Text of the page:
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7 Ways To Drink Better, Cleaner Water + More Of It

Phoebe Lapine
April 13, 2015
Phoebe Lapine
By Phoebe Lapine
mbg Contributor
Phoebe Lapine is a food and health writer, gluten-free chef, wellness personality, culinary instructor, and speaker, born and raised in New York City, where she continues to live and eat. She holds a B.A. from Brown University.
Photo by Stocksy
April 13, 2015

“Drink more water” is not the sexiest of wellness manifestos. For many people it falls under the category of common sense. Yet many experts site chronic dehydration as one of the biggest barriers to good health — and it also happens to be one of the easiest and cheapest to fix.

Unfortunately though, not all water is created equal.

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I wised up when I started seeing a naturopath and she was flabbergasted when I told her I didn’t filter my water and rarely, if ever, drank any H2O that didn’t come from the tap. I’m that dork who always tells the waiter a bottle of New York’s finest, please in an attempt to be charming.

My doctor whipped me into water shape and told me I’d never be able to control my hyperthyroidism while ingesting so much chlorine, fluoride, and other chemicals in the city’s tap water. This sent me on a wild goose chase trying to find a water filter that could fit within the confines of my small kitchen, and not require hundreds of dollars and a plumber to install.

In the process of trying to drink cleaner water, I also learned a lot about healthier ways to hydrate to ensure that your body absorbs water properly, without introducing a bunch of other toxins with every sip.

Here are some strategies I developed for drinking better, cleaner water and more of it.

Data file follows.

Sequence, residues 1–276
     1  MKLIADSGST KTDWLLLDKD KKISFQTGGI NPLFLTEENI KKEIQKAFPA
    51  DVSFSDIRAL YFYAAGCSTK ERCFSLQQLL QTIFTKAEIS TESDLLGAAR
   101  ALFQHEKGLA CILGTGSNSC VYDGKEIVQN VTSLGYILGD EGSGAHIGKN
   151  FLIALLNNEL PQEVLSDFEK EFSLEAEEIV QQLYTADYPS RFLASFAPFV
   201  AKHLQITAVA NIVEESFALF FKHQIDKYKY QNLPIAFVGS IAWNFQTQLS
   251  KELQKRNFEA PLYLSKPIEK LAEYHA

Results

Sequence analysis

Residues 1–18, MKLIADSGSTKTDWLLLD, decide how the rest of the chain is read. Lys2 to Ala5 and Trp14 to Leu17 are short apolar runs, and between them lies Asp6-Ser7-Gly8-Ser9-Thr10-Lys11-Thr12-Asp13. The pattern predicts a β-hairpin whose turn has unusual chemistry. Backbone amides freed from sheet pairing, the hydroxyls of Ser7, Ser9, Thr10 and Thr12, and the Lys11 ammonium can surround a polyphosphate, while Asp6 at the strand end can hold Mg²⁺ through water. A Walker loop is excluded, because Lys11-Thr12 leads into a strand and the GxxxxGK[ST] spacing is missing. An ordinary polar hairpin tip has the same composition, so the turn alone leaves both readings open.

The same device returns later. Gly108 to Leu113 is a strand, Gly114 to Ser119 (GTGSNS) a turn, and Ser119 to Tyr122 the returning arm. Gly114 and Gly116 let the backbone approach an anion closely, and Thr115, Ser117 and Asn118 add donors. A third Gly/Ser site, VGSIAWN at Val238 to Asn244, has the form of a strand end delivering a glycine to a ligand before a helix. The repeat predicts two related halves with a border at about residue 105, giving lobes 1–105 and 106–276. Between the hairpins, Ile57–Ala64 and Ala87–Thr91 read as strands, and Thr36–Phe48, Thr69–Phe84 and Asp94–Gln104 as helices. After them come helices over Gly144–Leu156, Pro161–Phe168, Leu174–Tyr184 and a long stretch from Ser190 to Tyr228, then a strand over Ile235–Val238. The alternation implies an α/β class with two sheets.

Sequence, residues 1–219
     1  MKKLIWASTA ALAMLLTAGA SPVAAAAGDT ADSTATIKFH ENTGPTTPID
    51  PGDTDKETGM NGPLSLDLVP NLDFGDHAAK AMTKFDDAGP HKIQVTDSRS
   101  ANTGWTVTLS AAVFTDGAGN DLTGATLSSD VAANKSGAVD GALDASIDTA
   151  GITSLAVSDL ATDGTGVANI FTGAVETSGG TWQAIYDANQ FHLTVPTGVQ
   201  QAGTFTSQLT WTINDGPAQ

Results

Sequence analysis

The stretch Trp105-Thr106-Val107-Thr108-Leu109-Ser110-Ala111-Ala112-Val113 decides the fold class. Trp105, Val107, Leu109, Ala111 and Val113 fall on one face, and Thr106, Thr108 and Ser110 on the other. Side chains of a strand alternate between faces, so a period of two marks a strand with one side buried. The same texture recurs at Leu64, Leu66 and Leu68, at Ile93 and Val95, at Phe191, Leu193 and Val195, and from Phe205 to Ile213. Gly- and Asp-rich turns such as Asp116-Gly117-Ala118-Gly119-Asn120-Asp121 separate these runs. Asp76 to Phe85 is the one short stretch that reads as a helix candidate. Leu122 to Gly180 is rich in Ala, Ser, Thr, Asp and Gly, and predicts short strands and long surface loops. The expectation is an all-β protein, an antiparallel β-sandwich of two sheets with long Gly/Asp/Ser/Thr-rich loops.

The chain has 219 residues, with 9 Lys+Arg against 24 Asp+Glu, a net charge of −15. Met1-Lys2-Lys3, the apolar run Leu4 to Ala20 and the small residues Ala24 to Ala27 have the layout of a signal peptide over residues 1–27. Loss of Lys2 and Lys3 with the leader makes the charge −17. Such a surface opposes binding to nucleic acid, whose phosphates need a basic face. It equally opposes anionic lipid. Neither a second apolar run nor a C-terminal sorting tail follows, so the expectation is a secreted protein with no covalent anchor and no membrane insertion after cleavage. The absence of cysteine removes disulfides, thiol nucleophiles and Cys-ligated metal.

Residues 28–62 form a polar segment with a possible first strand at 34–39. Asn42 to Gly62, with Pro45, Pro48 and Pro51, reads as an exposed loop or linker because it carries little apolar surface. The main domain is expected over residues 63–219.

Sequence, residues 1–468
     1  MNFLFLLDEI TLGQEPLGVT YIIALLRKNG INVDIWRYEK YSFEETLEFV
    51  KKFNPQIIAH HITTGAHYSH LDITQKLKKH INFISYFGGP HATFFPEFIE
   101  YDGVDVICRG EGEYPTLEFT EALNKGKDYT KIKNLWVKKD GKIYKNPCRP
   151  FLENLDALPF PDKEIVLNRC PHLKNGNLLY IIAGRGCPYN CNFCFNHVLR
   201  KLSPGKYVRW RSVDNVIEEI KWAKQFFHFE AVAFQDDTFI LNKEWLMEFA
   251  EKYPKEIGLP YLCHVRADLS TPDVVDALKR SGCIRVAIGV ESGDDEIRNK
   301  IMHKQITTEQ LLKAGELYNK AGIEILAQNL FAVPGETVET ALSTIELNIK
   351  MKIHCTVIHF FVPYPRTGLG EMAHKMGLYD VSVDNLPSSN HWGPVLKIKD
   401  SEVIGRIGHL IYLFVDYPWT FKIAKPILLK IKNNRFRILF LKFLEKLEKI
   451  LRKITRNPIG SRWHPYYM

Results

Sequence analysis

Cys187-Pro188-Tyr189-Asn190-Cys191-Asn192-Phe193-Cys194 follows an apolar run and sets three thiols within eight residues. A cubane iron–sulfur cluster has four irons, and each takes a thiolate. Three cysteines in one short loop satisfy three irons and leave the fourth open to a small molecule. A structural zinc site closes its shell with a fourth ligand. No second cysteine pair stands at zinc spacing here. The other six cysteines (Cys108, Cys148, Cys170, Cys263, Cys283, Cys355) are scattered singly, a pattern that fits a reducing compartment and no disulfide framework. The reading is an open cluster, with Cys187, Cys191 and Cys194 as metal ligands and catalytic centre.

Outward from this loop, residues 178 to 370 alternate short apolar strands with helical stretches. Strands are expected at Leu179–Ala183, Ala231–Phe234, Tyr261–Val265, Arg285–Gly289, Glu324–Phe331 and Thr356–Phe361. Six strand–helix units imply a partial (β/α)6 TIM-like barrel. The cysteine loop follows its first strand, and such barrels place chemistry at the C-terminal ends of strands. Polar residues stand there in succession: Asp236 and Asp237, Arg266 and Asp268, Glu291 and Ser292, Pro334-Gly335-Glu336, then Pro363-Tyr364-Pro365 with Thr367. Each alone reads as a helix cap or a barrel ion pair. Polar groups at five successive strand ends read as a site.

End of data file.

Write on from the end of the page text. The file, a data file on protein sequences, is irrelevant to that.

1. Ban the beverage aisle.

There’s perhaps no better space to witness how the wellness industry has grown over the last few years than the beverage aisle. A lot of these drinks aren’t as good for you as the label claims. More importantly, no matter how many electrolytes or probiotics your bottle actually has in it, as far as hydration goes, no drink is better for you than water. And it’s free!

Putting yourself on a brief beverage aisle ban can help you get back in the habit of making water your drink of choice. When you’re used to chugging things that are sweet, it makes drinking more water a real uphill battle. No glass of H2O will ever compare to a Hibiscus kombucha tea.

The ban will also break your dependency on bottled water, which is even less regulated than tap. Despite marketing claims, your bottled bottle is more likely to be sourced from a man-made well in Queens than a glacier in Alaska. You’re paying a premium for that bottle, which also leaches plastic into your agua and pollutes the environment after it’s thrown away, with no real health benefits.

2. Drink your body weight in ounces.

The general rule of thumb to stay hydrated is to drink half your body weight in ounces daily — and even more if you live in a dry place or exercise a lot. You can also take cues from your pee and drink until it’s a nice clear mellow yellow. I like using the app Moro when I’m on the go to track my intake. But if you’re at home or the office, you can just measure with a designated water receptacle (see below).

3. Put a pitcher or water bottle on your desk.

Having a designated water bottle or pitcher, not only helps you measure your daily intake, but it also is a powerful physical reminder to drink. Don’t underestimate what having a bottle physically in front of you will do for your hydration. If you don’t want to count bottles, you can get a pitcher that holds your exact body weight in ounces. This is a more fun strategy for getting add-ins involved like flavored ice cubes or sliced lemon.

4. Avoid guzzling during meals to maximize absorption.

One key tip for maximizing absorption and retention is to avoid drinking water at meals. You’re supposed to stop 30 minutes before eating and wait an hour after until consuming more. I’ve tried this, and it’s a struggle. Especially when you accidentally eat the ghost pepper in your Thai curry. But it will also help with digestion. Water dilutes your saliva’s natural enzymes that help break down food and has a similar effect when it reaches your other digestive organs.